Saturday, April 28, 2018

The Worst Year in Oscar History

I am barely interested in the Oscars anymore.  I am just curious enough to find out who was nominated for the major awards, but I don't care who wins and I will not bother to watch the tedious three-hour awards show.

Hollywood has made it painfully obvious in recent years that it no longer has the ability to turn out a quality film.  Not one of the films that the Oscars had in its Best Picture category this year deserved to be there.  Not one.  This stands as the worst Best Picture lineup in Oscar history.
Call Me by Your Name
Darkest Hour
Get Out
Lady Bird
Phantom Thread
The Post
The Shape of Water
Three Billboards Outside Ebbing, Missouri
Hollywood doesn't know how to make films about normal people anymore.  The major American studios only know how to make films about impossibly powerful crusaders, mentally unbalanced weirdos and disturbingly immoral creeps.  We are in the Superheroes and Superfreaks Era.

At one time, the Academy of Arts and Sciences was committed to acknowledging and rewarding the high artistic achievement of popular entertainment.  The films honored by the Academy were grand in scope and ideas.  The films stood out for their universality and grandeur. 

Hollywood has become an island unto itself and its residents look upon anyone who doesn't live on its island with wariness and disdain.  It has become a weird, dark place where weird, dark people live.  The people who control film production find it difficult if not impossible to understand normal people.  This is clearly reflected in the ugly and petty films that they produce.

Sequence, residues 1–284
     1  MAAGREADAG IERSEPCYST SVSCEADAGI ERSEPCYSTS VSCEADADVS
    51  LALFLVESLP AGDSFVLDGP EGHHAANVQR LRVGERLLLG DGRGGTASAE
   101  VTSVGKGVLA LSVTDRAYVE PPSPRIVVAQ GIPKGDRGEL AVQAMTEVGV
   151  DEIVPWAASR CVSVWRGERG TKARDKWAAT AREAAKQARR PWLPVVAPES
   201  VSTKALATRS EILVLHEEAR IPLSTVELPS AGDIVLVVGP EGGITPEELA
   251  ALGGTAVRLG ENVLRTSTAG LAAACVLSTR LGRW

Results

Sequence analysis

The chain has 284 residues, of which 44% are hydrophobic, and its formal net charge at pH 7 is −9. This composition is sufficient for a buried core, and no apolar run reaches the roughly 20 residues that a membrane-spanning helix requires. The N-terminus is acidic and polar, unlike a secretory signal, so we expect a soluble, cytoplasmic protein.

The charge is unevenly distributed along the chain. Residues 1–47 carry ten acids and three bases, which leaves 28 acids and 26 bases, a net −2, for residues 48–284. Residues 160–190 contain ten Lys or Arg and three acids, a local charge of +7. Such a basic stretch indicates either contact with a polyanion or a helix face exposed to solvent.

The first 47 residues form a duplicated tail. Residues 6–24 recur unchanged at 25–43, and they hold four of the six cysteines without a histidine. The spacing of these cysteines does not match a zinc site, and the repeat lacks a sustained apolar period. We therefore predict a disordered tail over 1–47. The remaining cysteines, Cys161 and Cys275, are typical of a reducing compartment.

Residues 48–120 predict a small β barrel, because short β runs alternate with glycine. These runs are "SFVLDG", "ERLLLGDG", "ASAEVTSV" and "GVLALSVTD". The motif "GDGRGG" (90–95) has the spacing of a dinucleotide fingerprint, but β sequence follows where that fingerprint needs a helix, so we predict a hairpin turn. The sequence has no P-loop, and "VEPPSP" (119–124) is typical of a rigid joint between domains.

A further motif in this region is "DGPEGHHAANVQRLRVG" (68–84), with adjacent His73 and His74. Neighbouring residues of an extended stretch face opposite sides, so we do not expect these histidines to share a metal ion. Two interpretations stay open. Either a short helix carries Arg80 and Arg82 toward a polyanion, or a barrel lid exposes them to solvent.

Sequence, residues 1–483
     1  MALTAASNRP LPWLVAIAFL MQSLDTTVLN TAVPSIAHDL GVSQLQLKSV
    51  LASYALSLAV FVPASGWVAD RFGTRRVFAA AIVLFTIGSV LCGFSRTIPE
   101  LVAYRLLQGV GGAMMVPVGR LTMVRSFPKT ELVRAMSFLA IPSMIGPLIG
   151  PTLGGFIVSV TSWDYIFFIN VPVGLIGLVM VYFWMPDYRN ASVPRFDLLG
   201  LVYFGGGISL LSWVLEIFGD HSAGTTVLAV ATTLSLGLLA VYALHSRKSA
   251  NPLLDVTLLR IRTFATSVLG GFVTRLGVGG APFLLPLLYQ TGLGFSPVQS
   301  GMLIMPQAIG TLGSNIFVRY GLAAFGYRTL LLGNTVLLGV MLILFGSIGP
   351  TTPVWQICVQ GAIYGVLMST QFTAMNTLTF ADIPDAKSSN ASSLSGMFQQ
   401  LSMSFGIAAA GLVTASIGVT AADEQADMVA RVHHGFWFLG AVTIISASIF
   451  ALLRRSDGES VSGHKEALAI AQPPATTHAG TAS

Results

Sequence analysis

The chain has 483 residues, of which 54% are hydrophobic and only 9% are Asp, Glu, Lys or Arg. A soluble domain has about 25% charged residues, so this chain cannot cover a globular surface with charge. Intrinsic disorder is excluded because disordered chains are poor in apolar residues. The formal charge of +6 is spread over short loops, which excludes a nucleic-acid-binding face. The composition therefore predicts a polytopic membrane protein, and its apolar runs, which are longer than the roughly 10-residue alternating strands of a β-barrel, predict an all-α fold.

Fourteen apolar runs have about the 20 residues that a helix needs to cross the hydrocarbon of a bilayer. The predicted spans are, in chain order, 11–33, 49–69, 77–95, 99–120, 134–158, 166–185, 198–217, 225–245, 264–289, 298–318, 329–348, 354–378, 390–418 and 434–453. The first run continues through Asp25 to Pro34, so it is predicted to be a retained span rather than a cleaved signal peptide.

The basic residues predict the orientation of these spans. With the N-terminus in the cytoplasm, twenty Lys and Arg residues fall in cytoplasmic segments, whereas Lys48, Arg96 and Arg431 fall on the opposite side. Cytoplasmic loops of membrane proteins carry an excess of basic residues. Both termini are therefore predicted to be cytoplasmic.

Hollywood films turn people away from the joy and beauty of the world with their dark stories.  They turn the public to ugliness and tell them they must submit to it.  The Hollywood filmmaker hypnotizes their prey like an old cobra, luring them to their own spiritual doom.  What's left is chaos.  What's left is angry, confused, frightened people.  What's left is a howling, empty mob.  This week, the mob moved to push The Simpsons and The Breakfast Club into the dustbin.  They accused The Simpsons of racism and The Breakfast Club of sexism.  We now have masterpieces of art being subject to condemnation and censorship while works of degeneracy and vulgarity are celebrated. 

Molly Ringwald in The Breakfast Club (1985)
It is not to say that every Best Picture nominee this year was entirely devoid of merit.  But my general sense of the situation is not favorable. 

Let's look at the films that the Academy of Arts and Sciences recently nominated for the Best Picture Oscar.

Christopher Nolan's Dunkirk, a historical war film, had a trailer with the conventional images of battleships, dogfights, a plane dropping a bomb on soldiers amassed on a beach.  A key moment of the trailer featured a shot of a steely British commander played by movie star Kenneth Branagh.  But the film was far from conventional and its unusual storytelling techniques made it difficult to connect to the film.